Why he’s a 2016 Top 40:
Chisholm is making the University of Calgary safer as co-founder of the Student Medical Response team, and also uses his EMT training to work in disaster-response during major catastrophic events.
It’s a good thing Dirk Chisholm didn’t fulfill his childhood dream of becoming a vacuum salesman. Instead of small-appliance sales, this native Calgarian spends his time helping people in emergencies.
The 21-year-old University of Calgary Health & Exercise Physiology student works as an emergency medical technician (EMT) for WinSport and Canada Task Force 2, which is a disaster-response team that heads to the scene when catastrophes, like the Fort McMurray wildfire, strike.
Chisholm also volunteers as the director of operations for the U of C’s Student Medical Response (SMR) team, an organization he co-founded. The SMR calls on a network of student volunteers with backgrounds in emergency response to provide free medical coverage for special events on campus, as well as support to campus security for day-to-day medical calls.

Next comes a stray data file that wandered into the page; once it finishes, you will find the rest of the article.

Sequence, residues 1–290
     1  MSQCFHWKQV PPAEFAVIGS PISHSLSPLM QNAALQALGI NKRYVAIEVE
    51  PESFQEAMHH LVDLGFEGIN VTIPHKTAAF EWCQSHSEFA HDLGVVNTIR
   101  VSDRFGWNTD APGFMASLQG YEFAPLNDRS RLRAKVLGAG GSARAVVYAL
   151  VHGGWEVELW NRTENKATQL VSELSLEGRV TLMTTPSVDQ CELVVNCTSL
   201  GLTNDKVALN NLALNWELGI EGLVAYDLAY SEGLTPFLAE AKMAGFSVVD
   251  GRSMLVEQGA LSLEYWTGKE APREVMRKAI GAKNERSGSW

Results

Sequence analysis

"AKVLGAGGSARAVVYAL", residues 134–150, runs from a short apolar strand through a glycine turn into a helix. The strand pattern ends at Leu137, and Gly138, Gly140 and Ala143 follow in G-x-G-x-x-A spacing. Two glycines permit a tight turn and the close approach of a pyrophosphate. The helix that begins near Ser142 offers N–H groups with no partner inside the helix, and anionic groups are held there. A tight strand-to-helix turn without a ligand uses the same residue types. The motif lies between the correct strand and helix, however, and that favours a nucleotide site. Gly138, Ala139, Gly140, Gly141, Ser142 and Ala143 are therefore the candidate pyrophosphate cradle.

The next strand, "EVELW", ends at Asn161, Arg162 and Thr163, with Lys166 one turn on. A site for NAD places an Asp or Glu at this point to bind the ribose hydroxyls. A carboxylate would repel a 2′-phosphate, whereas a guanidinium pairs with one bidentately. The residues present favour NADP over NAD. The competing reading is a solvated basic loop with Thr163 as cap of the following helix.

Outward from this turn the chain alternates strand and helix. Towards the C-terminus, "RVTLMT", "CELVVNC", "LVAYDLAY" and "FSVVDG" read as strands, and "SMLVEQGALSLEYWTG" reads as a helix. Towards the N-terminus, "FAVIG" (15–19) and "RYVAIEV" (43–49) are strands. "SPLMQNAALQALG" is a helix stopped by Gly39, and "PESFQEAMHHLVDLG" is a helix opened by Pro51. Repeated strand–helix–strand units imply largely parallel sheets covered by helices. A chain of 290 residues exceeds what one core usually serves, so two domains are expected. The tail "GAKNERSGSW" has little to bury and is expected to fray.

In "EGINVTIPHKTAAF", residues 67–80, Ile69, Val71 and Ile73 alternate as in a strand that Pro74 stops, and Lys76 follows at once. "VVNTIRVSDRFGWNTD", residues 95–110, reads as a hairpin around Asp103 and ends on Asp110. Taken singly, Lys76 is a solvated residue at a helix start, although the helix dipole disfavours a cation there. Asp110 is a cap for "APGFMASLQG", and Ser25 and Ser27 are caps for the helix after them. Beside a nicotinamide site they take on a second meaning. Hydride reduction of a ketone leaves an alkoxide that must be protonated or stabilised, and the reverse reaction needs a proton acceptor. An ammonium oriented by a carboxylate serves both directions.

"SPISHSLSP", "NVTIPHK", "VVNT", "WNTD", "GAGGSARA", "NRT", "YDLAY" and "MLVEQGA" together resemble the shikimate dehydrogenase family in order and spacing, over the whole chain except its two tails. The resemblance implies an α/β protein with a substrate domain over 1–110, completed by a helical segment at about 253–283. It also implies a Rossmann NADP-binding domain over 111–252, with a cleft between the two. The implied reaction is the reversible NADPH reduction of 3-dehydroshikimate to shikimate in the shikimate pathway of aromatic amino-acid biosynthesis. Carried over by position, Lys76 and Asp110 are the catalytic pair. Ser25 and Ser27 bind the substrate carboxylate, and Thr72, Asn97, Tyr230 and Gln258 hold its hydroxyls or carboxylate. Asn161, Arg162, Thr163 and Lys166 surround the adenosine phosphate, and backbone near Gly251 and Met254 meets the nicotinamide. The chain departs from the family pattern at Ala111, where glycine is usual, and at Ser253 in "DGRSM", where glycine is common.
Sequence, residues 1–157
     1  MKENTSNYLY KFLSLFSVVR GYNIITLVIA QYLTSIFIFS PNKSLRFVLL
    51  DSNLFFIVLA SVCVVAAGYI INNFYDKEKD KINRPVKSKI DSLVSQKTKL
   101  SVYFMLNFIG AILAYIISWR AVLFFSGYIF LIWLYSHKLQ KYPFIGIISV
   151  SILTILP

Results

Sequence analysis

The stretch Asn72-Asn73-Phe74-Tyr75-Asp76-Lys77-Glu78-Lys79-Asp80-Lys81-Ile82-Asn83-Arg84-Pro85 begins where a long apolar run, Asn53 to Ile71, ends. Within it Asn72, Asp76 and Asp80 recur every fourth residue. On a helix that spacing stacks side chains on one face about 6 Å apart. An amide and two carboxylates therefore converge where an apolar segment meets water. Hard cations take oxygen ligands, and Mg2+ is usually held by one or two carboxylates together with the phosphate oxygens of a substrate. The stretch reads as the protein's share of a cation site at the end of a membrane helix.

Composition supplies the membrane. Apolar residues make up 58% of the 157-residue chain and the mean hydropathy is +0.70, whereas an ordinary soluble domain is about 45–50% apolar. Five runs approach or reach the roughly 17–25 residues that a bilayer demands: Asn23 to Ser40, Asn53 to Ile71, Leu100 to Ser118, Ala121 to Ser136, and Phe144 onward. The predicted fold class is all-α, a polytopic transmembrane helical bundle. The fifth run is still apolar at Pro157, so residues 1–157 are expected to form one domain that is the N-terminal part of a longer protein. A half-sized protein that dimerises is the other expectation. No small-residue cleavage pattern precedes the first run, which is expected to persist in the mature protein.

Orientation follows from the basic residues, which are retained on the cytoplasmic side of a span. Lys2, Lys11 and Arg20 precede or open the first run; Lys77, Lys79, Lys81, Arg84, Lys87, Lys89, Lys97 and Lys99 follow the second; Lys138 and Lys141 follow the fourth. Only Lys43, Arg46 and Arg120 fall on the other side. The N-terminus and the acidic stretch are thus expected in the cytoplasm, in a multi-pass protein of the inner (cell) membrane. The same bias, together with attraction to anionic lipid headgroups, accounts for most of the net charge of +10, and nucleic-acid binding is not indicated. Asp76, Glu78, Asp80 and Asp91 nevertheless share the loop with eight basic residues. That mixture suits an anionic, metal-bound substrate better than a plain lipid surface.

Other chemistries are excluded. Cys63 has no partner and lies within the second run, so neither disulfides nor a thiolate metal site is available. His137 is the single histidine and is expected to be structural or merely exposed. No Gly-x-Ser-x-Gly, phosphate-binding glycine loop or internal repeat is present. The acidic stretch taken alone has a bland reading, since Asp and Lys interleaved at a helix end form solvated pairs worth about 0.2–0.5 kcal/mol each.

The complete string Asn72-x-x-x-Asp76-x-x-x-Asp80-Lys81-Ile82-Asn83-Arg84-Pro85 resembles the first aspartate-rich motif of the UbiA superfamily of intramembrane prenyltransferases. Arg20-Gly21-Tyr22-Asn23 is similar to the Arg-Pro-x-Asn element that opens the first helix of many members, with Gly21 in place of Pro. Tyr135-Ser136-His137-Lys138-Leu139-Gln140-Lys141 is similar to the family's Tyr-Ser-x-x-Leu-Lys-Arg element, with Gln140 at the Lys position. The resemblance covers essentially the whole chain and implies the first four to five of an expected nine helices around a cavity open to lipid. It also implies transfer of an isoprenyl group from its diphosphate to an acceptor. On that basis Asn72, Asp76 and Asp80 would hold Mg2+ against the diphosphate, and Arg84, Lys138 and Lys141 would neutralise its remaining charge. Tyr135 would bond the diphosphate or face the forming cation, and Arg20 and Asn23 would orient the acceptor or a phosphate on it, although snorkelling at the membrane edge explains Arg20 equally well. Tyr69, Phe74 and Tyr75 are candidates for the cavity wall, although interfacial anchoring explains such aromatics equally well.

“With so many people on campus, stuff is bound to happen,” says Chisholm. “I really like the unpredictability of emergency medicine – every situation is always new. I like being able to help people when it’s not their best day.”
Having a first-response team on a university campus is not a new idea, but the U of C’s SMR is the first in Western Canada, and it also provides the highest level of care of any university campus in the country – it can treat up to the EMT level, which is the level of pre-hospital care that could be available in an ambulance. Last year, the SMR attended to heart attacks and traumatic injuries such as broken bones, among other medical emergencies. During 2015-16, its first full academic year in operation, the SMR grew from eight volunteers to more than 20, and covered 80 shifts on campus.
Chisholm began his career in emergency medicine at the age of 10, as a volunteer with St. John’s Ambulance, which had a youth program at that time. At 14, he performed CPR on a heart attack victim, an act that earned him recognition from St. John’s. And, at 18, he volunteered for emergency response with the organization during the 2013 southern Alberta floods.
Chisholm spends more than 800 hours volunteering every year, which equates to 20, 40-hour weeks of unpaid work. This go-getter, who aspires to be an emergency room physician, shrugs it off, saying, “If you’re passionate about something, it doesn’t really feel like work. I know that’s pretty clich, but it’s true.” – Lisa Kadane